The best place to begin is perhaps to explain what Metabolic Efficiency Training™ is NOT. There are many misconceptions about the concept, including the following:
1. "It's a no carb diet and I have to go into nutritional ketosis." No. Actually, there are five identified dietary strategies that can be used to improve the body's Metabolic Efficiency. Not one of them includes nutritional ketosis. Metabolic Efficiency does not promote extremes and while nutritional ketosis may be useful for some, it is not the preferred long-term dietary strategy to improve the body's ability to use fat as energy.
2. "I will just train aerobically and burn more fat." While it is true that you can improve the body's ability to burn more fat through aerobic training, it is only about 25% of the Metabolic Efficiency Training equation. The majority of improving Metabolic Efficiency lies in daily nutrition changes and the ability to control and optimize blood sugar through eating proper amounts of protein, fat, and fiber.
3. "It's just another diet that I will follow and then stop when I don't see results." There are so many things wrong with this statement. The first is that Metabolic Efficiency is not a diet. It is a daily nutrition plan that will change as your health and fitness changes. Secondly, adopting a metabolically efficient nutrition plan is a journey and one that should be adopted as part of a lifestyle change for improved health and fitness/athletic performance.
Now, for the Facts
Metabolic Efficiency Training can be defined as improving the body's ability to use its internal stores of nutrients, specifically carbohydrate and fat, more efficiently, through proper dietary and exercise strategies. The average person has approximately 1,400 - 2,000 calories worth of carbohydrate stored in their body and 50,000 - 80,000 calories stored as fat. The body is a very complex system but surprisingly, it can be taught to oxidize (burn) more carbohydrate or fat in a surprisingly short amount of time. Burning more carbohydrate will allow the body to store more fat. Burning more fat will allow the body to preserve the small amount of carbohydrates. The latter obviously has more profound positive impacts on health and well-being, fitness, and athletic performance and is the foundation of Metabolic Efficiency.
Who cares? You do, or at least should. What many people do not understand is that uncontrolled blood sugar can have a significant negative impact on health. When it comes to discussing health parameters, the one that resonates the most is metabolic syndrome. Metabolic syndrome is a series of five risk factors that can predispose individuals to chronic diseases such as diabetes, heart disease, obesity, and stroke. The five risk factors include: 1) a large waistline, 2) high triglycerides, 3) low HDL, 4) high blood pressure, and 5) high fasting blood glucose. Clinically, if you have three of these risk factors, you are classified to have metabolic syndrome and a higher risk of developing chronic diseases. Even though you may not present with three of the risk factors, having even one significantly increases your risk of heart disease and stroke. According to the National Heart, Lung, and Blood Institute (1), a person having metabolic syndrome is twice as likely to develop heart disease and five times as likely to develop diabetes as someone who does not have metabolic syndrome.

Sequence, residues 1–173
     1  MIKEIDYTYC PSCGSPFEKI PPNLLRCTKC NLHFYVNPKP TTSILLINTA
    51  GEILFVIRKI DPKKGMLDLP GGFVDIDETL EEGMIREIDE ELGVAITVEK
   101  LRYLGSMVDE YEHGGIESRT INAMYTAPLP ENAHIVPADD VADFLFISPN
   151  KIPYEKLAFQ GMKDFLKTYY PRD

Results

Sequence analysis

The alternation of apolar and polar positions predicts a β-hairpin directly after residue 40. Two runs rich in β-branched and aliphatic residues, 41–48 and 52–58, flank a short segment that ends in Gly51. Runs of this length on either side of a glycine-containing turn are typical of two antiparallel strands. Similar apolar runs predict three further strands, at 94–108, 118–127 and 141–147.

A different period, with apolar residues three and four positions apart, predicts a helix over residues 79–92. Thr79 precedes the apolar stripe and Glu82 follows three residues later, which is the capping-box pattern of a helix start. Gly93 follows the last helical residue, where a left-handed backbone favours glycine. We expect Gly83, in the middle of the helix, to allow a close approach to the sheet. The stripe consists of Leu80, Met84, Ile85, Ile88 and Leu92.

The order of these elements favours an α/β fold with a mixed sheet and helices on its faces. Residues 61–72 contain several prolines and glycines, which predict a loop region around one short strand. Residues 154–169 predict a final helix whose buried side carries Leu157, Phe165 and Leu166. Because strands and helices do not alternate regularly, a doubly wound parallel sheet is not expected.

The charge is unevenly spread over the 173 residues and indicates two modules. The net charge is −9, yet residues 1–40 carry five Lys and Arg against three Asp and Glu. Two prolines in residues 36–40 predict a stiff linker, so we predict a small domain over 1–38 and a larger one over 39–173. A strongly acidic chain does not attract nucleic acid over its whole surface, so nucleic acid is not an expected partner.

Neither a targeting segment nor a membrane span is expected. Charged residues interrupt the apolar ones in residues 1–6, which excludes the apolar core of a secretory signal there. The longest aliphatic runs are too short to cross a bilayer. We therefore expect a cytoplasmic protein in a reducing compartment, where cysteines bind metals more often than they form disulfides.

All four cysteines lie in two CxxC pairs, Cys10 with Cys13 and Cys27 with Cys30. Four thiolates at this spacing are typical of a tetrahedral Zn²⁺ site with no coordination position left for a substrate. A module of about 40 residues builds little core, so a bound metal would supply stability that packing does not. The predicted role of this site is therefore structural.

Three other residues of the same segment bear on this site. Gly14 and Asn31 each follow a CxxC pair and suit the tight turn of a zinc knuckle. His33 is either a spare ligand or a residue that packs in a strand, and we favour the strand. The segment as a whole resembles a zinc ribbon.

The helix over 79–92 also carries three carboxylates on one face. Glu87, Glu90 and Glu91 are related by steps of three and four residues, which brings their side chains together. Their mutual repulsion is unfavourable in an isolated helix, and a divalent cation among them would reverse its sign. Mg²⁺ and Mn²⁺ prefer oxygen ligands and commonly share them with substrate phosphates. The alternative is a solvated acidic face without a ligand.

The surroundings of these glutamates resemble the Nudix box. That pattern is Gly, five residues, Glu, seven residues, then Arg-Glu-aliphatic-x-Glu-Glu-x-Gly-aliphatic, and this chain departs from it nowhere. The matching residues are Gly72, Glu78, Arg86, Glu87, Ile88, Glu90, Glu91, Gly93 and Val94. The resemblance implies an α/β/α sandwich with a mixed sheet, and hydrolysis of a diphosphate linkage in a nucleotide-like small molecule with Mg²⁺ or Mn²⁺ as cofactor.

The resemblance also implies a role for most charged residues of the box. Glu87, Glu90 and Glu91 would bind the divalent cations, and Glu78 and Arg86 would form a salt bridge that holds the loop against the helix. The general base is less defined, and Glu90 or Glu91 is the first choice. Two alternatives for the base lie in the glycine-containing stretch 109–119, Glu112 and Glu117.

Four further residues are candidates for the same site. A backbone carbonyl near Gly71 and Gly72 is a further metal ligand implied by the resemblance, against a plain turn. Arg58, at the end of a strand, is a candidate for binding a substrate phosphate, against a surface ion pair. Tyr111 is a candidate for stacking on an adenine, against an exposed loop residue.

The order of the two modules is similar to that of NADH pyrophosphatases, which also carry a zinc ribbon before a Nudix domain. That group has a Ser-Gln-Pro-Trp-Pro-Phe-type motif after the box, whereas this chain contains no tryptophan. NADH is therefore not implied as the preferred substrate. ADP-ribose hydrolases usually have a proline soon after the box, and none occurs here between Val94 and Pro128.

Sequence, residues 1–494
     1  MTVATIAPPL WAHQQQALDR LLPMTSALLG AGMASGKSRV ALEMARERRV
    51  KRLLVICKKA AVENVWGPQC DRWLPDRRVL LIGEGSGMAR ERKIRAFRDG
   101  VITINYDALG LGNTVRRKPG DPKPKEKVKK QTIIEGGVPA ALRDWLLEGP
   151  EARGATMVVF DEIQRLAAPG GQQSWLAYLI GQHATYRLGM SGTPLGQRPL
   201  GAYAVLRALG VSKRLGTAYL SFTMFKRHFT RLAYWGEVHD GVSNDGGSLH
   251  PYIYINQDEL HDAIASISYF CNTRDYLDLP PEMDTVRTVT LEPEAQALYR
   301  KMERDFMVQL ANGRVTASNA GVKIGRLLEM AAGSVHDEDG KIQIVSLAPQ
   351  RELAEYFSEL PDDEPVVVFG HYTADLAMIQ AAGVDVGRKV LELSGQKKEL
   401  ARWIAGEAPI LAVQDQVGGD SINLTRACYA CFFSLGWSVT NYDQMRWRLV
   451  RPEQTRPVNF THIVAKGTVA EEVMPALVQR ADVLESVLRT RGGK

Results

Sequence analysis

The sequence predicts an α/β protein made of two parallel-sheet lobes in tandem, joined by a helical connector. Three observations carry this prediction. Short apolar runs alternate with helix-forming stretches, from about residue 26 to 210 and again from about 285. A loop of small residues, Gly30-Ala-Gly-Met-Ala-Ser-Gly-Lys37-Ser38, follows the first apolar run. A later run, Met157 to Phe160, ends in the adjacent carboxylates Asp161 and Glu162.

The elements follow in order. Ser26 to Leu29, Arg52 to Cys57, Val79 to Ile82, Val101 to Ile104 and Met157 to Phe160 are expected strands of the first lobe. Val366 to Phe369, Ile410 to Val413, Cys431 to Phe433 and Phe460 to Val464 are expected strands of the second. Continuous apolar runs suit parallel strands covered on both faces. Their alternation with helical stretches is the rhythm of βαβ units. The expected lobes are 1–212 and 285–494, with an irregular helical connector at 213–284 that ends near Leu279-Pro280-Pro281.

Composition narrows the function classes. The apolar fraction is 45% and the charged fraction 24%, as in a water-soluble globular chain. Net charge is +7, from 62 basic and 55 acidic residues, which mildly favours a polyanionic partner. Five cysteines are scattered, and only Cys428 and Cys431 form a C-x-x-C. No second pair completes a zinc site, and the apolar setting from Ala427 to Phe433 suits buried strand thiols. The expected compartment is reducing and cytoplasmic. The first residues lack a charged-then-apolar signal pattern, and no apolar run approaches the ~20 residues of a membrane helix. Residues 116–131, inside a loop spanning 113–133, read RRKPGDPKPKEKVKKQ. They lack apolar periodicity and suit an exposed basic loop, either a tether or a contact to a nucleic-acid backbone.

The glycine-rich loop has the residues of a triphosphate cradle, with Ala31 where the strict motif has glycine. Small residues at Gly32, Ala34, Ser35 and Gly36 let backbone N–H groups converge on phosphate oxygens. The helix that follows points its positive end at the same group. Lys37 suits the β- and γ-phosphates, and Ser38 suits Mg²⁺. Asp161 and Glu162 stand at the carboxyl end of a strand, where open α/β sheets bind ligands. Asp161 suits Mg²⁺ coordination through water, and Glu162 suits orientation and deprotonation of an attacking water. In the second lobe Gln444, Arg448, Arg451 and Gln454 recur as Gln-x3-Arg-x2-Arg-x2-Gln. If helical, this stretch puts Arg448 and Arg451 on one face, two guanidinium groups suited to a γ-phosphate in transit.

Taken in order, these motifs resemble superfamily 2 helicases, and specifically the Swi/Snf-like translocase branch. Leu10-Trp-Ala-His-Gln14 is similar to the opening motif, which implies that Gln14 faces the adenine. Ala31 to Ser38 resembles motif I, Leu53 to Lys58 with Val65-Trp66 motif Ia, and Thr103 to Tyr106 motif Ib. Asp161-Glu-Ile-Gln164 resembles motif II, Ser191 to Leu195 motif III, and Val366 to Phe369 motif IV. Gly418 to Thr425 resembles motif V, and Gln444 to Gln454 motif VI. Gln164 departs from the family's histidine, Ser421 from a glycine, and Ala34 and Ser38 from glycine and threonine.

The great news is that a good portion of disease risk can be controlled by simply following a metabolically efficient way of eating to control and optimize blood sugar.
Fitness is an interesting term and there are many definitions of it. Overall, being fit is having the ability to do activities of daily living successfully and participating in various exercises to improve the cardiorespiratory system and strengthen the muscular system. It doesn't matter if you participate in athletic competitions or not, adopting Metabolic Efficiency Training will improve your body from the inside out and allow you to move better.
Athletes embrace Metabolic Efficiency Training because the performance improvements can be fairly significant. It doesn't matter the type of athlete (strength, power, aesthetic, endurance), there are benefits no matter who adopts this lifestyle. Of course, the benefits will be different depending on the athlete but in general, athletes usually experience the following when they become metabolically efficient: 1) decreased body weight, 2) decreased body fat, 3) improved and sustained energy levels and mental alertness throughout the day, 4) improved recovery, 5) improved cognitive function, 6) improved power to weight ratio, 7) improved running velocity, and 8) better sleep. This is a short list as each athlete will have different interactions and improvements based on their starting point and level of progression.
1. National Heart, Lung, and Blood Institute. What is Metabolic Syndrome. http://www.nhlbi.nih.gov/health/health-topics/topics/ms. Accessed September, 2015.